Getting the basics right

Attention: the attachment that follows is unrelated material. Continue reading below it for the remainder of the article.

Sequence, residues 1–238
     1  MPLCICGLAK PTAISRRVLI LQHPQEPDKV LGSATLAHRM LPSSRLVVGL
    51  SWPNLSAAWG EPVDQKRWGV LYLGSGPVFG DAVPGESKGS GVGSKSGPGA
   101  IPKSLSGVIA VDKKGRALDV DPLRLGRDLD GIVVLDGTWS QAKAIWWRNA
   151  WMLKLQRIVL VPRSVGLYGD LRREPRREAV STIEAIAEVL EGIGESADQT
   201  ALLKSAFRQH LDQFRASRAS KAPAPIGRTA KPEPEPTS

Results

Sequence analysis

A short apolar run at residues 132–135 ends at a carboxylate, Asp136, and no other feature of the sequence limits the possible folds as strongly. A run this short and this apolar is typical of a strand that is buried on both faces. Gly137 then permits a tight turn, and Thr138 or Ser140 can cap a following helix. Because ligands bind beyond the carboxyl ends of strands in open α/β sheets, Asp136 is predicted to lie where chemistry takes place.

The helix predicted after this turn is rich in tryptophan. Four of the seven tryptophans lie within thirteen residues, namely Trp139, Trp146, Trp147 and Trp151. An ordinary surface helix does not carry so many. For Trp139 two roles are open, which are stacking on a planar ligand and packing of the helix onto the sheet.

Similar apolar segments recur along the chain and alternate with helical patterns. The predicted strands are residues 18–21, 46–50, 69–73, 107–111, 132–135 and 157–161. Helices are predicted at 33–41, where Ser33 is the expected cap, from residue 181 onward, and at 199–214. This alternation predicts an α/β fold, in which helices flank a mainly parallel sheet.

The most effective cyber security strategy is built on getting the basics right. Universities not only have to consider their staff, but also the many thousands of students who log into and use IT systems and services daily. It is crucial all are up to speed with the basics of cyber security since even the ablest defences can be circumvented by basic human error. Firstly, they should put in place a cyber security policy that is reviewed and updated regularly. Secondly, they must ensure everyone connecting to the network is aware of this policy and up to scratch with the basics of cyber security, for instance, not clicking on links in suspicious emails from unknown parties. Thirdly, universities should regularly drill in preparation for an attack. Regular penetration testing will help discover weaknesses which can then be plugged while testing your data recovery procedures will make dealing with any attack far easier to manage. Fourthly, universities should audit what data they possess, where it is held and how long for. This will help in terms of planning backups and in making sure that they do not hold any sensitive or personal data unnecessarily, reducing the potential risk of a security breach. Finally, and most important of all, universities must ensure they keep their security systems up-to-date by implementing the latest security patches as soon as possible after they are available.